The ng is the odd letter out here, as it is in the Hunmin Jeong-eum. This may reflect its variable behavior. Hangul was designed not just to write Korean, but to accurately represent Chinese. Besides the letters covered here, there were quite a few more used to represent Chinese etymology. Now, many Chinese words began with ng, at least historically, and this was being lost in several regions of China by Sejong's day: that is, etymological ng was either silent or pronounced [ŋ] in China, and was silent when borrowed into Korean. The expected shape of ng had the additional problem that, by being just the vertical line left by removing the top stroke of ㄱ, it would have been easily confused with the vowel ㅣ [i]. Sejong's solution solved both these problems: the vertical stroke from ㄱ was added to the null symbol ㅇ to create ᇰ, graphically representing both regional pronunciations as well as being easily legible. (If your browser doesn't display this, it's a circle with a vertical line on top, like an upside-down keyhole or lollipop.) Thus ᇰ was pronounced ng in the middle or end of a word, but was silent at the beginning. Eventually the graphic distinction between the two silent initials ㅇ and ᇰ was lost.
Two additional details lend credence to Ledyard's hypothesis. For one, the composition of obsolete ᇢᇦᇴ w, v, f (for Chinese initials 微非敷), from the graphic derivatives of the basic letter ㅂ b [p] (that is, ㅁㅂㅍ m, b, p) by adding a small circle under them, is parallel to their Phagspa equivalents, which were similarly derived by adding a small loop under three graphic variants of the letter h. Now, this small loop also represented w when it occurred after vowels in Phagspa. The Chinese initial 微 represented either m or w in various dialects, and this may be reflected in the choice of ㅁ [m] plus ㅇ (from Phagspa [w]) as the elements of hangul ᇢ. Not only is the series ᇢᇦᇴ analogous to Phagspa, but here we may have a second example of a letter composed of two elements to represent two regional pronunciations, m and w, as we saw with ᇰ for ng and null.
Secondly, most of the basic hangul letters were originally simple geometric shapes. For example, ㄱ was the corner of a square, ㅁ a full square, ㅅ was a caret-like Λ, ㅇ was a circle. In the Hunmin Jeong-eum, before the influence from Chinese calligraphy on hangul, these are purely geometric. However, ㄷ was different. It wasn't a simple half square, like we might expect if Sejong had simply created it ex nihilo. Rather, even in the Hunmin Jeong-eum, it had a small lip protruding from the upper left corner. This lip duplicates the shape of Phagspa d [t], and can be traced back to the Tibetan letter d, ད.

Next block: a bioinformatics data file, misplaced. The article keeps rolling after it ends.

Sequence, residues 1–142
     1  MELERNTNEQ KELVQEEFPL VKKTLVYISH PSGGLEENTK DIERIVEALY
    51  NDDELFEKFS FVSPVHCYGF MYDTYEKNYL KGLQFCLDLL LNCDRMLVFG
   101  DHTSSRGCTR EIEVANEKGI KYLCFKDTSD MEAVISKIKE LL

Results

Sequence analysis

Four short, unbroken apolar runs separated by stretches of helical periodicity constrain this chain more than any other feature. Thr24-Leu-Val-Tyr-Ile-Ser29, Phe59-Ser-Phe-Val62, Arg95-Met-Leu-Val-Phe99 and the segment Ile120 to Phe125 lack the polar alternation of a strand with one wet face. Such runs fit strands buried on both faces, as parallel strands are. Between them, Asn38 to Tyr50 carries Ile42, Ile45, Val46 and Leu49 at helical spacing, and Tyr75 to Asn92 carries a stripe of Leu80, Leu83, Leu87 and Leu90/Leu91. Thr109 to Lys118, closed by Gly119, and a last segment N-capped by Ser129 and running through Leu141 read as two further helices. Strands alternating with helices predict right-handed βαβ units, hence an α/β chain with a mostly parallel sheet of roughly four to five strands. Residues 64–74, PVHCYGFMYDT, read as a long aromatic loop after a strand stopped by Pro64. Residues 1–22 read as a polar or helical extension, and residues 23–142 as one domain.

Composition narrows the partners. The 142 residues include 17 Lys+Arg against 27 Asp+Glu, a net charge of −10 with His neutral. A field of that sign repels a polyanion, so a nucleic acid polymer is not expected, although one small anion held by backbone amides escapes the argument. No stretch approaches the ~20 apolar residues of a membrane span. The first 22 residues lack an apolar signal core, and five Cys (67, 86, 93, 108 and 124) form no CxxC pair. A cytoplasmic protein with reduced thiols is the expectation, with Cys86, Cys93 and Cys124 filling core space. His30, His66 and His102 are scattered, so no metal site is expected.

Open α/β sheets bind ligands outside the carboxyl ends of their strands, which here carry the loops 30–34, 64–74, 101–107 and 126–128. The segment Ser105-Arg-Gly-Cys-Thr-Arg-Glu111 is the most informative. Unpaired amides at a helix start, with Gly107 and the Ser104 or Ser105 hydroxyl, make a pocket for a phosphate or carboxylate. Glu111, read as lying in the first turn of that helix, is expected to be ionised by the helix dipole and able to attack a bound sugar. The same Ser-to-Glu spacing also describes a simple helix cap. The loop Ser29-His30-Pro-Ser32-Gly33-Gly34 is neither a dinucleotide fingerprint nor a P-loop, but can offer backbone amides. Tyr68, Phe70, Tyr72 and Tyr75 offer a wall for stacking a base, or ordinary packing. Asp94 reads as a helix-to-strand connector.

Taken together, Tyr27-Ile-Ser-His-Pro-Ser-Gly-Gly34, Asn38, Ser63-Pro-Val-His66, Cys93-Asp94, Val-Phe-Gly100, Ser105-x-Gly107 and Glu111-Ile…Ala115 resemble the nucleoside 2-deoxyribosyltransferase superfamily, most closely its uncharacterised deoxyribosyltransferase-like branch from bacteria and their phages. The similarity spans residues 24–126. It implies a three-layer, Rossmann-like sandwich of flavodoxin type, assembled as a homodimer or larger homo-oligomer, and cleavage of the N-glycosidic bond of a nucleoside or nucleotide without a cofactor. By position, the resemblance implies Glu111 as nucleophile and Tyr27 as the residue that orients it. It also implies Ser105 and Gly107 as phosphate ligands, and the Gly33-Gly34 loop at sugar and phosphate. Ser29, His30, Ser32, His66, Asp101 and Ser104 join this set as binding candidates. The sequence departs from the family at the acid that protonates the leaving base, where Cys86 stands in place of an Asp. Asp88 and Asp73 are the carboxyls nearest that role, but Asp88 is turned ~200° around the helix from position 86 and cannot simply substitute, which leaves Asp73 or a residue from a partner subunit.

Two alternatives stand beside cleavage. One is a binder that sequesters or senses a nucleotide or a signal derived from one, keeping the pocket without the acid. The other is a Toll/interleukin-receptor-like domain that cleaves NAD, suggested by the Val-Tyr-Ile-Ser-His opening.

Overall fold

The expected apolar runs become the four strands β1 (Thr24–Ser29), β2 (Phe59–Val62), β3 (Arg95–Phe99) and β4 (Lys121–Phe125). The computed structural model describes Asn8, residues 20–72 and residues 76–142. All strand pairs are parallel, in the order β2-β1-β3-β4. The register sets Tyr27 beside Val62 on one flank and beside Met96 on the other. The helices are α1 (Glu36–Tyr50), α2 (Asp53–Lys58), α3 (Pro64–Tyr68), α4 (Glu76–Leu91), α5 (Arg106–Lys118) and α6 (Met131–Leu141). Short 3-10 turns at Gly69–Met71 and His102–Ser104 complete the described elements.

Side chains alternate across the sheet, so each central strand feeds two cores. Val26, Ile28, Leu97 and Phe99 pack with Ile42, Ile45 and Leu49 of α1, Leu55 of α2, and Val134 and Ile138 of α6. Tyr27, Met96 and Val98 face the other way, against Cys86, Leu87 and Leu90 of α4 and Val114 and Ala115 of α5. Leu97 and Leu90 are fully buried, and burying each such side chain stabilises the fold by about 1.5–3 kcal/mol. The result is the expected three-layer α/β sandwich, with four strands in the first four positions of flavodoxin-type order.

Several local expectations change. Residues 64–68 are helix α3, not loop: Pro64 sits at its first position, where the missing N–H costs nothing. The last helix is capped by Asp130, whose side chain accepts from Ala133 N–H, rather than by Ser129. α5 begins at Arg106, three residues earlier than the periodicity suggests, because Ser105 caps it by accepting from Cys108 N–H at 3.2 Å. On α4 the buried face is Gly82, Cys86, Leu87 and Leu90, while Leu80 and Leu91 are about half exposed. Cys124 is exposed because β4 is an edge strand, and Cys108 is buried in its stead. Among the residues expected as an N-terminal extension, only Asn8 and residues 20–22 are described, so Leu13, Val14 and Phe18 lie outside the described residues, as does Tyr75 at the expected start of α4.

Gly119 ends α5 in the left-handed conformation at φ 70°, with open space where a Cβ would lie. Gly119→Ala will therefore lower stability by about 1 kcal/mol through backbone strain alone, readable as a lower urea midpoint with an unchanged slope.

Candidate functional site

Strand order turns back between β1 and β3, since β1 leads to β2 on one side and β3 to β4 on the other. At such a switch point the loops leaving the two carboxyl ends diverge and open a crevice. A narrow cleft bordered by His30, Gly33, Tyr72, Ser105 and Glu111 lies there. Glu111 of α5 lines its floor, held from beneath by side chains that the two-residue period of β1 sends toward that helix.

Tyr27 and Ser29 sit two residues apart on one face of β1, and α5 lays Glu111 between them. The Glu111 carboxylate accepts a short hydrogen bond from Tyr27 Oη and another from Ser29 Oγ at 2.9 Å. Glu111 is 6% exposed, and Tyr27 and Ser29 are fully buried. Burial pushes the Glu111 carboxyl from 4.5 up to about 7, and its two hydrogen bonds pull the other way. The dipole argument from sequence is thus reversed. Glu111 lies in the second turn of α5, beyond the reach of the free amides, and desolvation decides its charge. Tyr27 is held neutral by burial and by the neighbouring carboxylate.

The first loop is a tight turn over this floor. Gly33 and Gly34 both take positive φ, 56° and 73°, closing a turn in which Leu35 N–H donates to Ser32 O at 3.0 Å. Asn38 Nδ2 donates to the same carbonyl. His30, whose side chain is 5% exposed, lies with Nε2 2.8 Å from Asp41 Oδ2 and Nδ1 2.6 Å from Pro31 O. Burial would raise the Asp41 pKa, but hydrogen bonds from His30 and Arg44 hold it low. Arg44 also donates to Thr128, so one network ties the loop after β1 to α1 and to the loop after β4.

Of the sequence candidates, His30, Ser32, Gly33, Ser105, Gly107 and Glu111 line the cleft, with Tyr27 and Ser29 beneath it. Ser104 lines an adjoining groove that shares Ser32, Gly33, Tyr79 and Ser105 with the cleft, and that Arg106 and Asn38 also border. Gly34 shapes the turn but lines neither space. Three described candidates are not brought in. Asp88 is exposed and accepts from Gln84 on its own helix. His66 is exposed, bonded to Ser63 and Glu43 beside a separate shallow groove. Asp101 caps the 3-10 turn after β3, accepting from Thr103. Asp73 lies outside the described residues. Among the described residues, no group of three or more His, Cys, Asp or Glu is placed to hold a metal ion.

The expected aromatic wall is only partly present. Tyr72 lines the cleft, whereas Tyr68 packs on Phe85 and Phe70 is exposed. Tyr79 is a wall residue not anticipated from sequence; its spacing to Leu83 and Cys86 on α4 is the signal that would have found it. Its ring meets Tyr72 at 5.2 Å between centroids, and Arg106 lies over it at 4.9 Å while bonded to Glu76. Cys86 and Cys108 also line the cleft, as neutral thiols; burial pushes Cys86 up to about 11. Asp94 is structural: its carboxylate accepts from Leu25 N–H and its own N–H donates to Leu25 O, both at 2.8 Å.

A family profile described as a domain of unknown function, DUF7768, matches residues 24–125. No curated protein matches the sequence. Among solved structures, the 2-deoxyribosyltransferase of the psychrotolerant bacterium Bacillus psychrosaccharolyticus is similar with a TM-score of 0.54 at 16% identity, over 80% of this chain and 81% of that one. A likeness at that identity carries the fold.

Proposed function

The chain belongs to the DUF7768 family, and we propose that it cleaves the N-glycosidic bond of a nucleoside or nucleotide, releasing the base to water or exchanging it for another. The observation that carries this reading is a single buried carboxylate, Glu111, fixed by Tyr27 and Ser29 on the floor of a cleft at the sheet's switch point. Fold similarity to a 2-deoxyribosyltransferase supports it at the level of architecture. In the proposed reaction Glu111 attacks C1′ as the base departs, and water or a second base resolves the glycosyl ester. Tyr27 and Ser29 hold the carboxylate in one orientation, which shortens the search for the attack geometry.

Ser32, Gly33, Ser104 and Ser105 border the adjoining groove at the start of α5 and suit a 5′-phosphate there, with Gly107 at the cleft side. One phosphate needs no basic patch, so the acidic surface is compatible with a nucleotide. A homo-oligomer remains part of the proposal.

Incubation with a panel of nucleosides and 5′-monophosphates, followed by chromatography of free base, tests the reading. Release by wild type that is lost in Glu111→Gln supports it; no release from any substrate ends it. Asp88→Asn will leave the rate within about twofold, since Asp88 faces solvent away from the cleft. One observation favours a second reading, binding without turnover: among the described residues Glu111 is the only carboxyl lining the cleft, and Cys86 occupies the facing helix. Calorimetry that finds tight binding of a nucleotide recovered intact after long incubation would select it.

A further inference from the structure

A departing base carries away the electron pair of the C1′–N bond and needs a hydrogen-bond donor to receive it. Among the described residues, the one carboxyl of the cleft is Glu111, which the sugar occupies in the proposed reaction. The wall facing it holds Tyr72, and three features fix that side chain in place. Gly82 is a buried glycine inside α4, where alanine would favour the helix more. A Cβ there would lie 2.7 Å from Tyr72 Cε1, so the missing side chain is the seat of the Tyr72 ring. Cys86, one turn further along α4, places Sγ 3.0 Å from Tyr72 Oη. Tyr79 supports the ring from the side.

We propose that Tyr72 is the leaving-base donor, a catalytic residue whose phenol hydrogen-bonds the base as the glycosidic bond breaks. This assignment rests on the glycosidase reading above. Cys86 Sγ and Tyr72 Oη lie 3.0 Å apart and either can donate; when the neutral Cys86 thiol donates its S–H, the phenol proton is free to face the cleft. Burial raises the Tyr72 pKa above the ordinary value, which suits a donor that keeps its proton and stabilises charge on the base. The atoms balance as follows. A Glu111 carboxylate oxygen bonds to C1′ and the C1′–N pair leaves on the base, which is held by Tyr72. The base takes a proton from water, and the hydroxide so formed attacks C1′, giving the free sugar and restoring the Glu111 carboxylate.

The seven basic vowel letters were not taken from Phagspa, but rather seem to have been invented by Sejong or his ministers to represent the phonological principles of Korean. Two methods were used to organize and classify these vowels, vowel harmony and iotation.
Of the seven vowels, four could be preceded by a y- sound ("iotized"). These four were written as a dot next to a line: ㅓㅏㅜㅗ. (Through the influence of Chinese calligraphy, the dots soon became connected to the line, as seen here.) Iotation was then indicated by doubling this dot: ㅕㅑㅠㅛ. The three vowels which could not be yotized were written with a single stroke: ㅡㆍㅣ.
The Korean language of this period had vowel harmony to a greater extent than it does today. Vowels alternated according to their environment, and fell into "harmonic" groups. This affected the morphology of the language, and Korean phonology described it in terms of yin and yang: If a word had yang ('bright') vowels, then most suffixes also had to have a yang vowel; and conversely, if the root had yin ('dark') vowels, the suffixes needed to be yin as well. There was a third group called "mediating" ('neutral' in Western terminology) that could coexist with either yin or yang vowels.
The Korean neutral vowel was ㅣ i. The yin vowels were ㅡㅜㅓ eu, u, eo; the dots are in the yin directions of 'down' and 'left'. The yang vowels were ㆍㅗㅏ, ə, o, a, with the dots in the yang directions of 'up' and 'right'. The Hunmin Jeong-eum states that the shapes of the non-dotted letters ㅡㆍㅣ were also chosen to represent the concepts of yin (flat earth), yang (sun in heaven), and mediation (upright man). (The letter ㆍ ə is now obsolete.)
There was a third parameter in designing the vowel letters, namely, choosing ㅡ as the graphic base of ㅜ and ㅗ, and ㅣ as the base of ㅓ and ㅏ. A full understanding of what these horizontal and vertical groups had in common would require knowing the exact sound values these vowels had in the 15th century. Our uncertainty is primarily with the letters ㆍㅓㅏ. Some linguists reconstruct these as *a, *ɤ, *e, respectively; others as *ə, *e, *a. However, the horizontal letters ㅡㅜㅗ do appear to have all represented mid to high back vowels, [*ɯ, *u, *o].
Ledyard, Gari K. The Korean Language Reform of 1446. Seoul: Shingu munhwasa, 1998.
Ledyard, Gari. "The International Linguistic Background of the Correct Sounds for the Instruction of the People." In Young-Key Kim-Renaud, ed. The Korean Alphabet: Its History and Structure. Honolulu: University of Hawai'i Press, 1997.